Marcus Aurelius, The griffin classics: Meditations
|Verlag:||The griffin classics|
Contains Active Table of Contents (HTML) and in the end of book include a bonus link to the free audiobook.
Meditations is a series of personal writings by Marcus Aurelius, Roman Emperor from 161 to 180 AD, recording his private notes to himself and ideas on Stoic philosophy.
Marcus Aurelius was born in Rome in 121 AD and would become its Emperor from 161 to 180. Considered by Machiavelli as the last of the good Emperors, Marcus Aurelius would become one of the most important of the Stoic philosophers.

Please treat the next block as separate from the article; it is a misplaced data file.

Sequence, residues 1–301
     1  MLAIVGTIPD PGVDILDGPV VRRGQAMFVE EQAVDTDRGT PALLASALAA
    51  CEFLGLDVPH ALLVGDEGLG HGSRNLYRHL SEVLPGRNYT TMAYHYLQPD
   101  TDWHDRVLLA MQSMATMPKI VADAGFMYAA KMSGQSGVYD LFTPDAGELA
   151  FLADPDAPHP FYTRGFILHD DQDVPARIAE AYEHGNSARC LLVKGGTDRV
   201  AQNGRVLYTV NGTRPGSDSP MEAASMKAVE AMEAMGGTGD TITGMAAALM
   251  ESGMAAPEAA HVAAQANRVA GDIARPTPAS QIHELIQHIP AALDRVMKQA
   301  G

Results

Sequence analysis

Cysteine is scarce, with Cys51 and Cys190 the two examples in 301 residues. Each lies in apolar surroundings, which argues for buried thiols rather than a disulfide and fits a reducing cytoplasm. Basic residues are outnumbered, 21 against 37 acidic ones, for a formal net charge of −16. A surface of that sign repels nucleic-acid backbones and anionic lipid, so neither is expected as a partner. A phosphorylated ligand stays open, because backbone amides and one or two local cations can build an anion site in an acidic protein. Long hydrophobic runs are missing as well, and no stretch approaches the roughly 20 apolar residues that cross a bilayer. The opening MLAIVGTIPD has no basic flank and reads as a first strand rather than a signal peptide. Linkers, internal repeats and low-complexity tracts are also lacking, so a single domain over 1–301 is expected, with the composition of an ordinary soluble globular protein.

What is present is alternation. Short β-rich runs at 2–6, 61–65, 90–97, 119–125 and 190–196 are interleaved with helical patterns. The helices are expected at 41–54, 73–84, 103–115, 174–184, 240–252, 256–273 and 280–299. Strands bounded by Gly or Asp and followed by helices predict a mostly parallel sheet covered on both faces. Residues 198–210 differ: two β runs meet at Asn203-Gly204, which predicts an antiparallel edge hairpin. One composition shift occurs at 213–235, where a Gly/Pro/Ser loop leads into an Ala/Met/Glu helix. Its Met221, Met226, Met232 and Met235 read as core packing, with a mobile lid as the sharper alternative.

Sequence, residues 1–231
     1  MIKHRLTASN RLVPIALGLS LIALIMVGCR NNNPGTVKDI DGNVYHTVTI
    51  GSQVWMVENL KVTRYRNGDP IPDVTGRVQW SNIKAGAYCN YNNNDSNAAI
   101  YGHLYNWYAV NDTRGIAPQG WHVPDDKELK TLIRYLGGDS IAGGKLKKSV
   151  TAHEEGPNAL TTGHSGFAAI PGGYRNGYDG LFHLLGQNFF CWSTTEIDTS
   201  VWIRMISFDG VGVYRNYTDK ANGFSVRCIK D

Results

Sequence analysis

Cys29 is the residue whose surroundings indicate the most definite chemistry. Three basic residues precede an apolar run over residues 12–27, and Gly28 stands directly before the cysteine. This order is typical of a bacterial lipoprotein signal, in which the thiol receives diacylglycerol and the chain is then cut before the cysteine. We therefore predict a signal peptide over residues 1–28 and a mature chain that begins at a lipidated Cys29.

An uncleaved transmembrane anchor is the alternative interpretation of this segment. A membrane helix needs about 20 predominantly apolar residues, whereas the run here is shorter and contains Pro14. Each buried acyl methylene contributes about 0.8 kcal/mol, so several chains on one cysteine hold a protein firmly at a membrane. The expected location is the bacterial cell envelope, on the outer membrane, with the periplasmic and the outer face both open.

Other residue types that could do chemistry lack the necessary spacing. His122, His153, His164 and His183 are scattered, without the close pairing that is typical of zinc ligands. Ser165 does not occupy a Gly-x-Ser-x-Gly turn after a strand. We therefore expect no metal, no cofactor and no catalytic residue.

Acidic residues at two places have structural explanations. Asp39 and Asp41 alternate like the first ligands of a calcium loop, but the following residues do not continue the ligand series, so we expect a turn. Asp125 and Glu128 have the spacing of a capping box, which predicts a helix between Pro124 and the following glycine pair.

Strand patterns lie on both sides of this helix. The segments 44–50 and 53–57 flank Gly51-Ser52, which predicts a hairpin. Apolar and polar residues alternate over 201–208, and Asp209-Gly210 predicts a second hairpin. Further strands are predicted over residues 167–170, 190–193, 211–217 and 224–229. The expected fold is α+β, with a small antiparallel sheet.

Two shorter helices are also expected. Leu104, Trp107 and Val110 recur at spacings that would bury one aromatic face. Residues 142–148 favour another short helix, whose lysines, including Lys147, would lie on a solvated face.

The "Meditations," which he wrote in Greek, are among the most noteworthy expressions of this system, and exhibit it favorably on its practical side. The work is a series of twelve books that he intended for his own guidance and self-improvement, which picture with faithfulness the mind and character of this noblest of the Emperors. Simple in style and sincere in tone, they record for all time the height reached by pagan aspiration in its effort to solve the problem of conduct.